Official Tourism Site for the Greater Portland Region of Maine


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Official Tourism Site of Greater Portland Maine
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America's Green Cities

Working to make their neighborhoods and the planet healthier and more sustainable

If you live where every home has room for a garden and your milk and eggs come from a local farmer, you may be thinking that "green" and "city" do not belong in the same sentence. But as we learn more about the threats to the environment and rediscover the benefits of regular interaction with nature, urban dwellers are demanding that their leaders make cities more sustainable, with more green space.

From energy conservation initiatives to community gardens to carbon offsets, municipalities big and small are focusing their attention on the environment and quality of life for their residents. Naturally, we support these efforts and wanted to recognize the cities that are leading the way toward a more sustainable future. When you think of the greenest cities, places like Portland, Oregon, "The City of Roses," or Seattle, "The Emerald City," likely come to mind. But when we set up our criteria (see "Our Scoring System") and then gathered the data, we found that Salt Lake City, "The Salty Lagoon City," or Fargo, "The Little Windy City," earn a spot on the list, too. Now check out our rankings of the small, midsize, and large cities with the lowest environmental impact score, and learn about green initiatives that could improve life where you live.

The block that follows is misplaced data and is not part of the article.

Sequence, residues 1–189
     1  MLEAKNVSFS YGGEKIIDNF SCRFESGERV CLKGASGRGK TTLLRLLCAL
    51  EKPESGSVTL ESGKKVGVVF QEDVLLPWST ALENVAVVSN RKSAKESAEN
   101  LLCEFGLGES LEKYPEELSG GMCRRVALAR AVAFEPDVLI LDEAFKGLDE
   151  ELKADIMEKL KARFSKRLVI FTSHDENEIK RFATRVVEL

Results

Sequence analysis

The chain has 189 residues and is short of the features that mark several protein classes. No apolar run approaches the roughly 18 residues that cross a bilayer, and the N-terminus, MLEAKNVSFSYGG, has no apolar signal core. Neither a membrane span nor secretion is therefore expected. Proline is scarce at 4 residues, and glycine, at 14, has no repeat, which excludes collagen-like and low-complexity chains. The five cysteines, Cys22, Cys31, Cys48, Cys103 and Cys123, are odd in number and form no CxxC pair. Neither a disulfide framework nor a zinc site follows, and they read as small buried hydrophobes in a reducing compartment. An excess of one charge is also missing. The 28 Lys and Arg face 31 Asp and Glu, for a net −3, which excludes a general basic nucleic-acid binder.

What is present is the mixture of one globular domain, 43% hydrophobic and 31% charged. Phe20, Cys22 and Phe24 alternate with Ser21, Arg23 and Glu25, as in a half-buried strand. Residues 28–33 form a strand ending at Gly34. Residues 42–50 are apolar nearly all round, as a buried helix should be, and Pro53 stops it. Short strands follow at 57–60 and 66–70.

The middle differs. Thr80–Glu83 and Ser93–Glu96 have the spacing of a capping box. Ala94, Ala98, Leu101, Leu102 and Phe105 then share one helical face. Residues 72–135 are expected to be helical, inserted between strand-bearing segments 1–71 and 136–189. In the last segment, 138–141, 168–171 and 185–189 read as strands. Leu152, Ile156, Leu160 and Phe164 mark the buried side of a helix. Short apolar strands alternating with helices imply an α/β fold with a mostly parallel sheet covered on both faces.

Small Cities (population less than 150,000)
Portland, Maine
Score: 4.514
Population: 63,000

Green is growing all over this coastal city—it has acres of parkland and trails. Portland was among the first communities to sign the U.S. Conference of Mayors Climate Protection Agreement, pledging to take steps to reduce CO2 emissions by 7 percent over five years. Now all city-owned diesel vehicles run on a mix of 20 percent vegetable-based biodiesel fuel and 80 percent regular diesel, and must adhere to an anti-idling ordinance. Fall visitors take time to learn about sustainable living by attending the Common Ground Country Fair, the largest organic festival in the country, about two hours away from Portland in Unity, Maine.

By Beth Huxta

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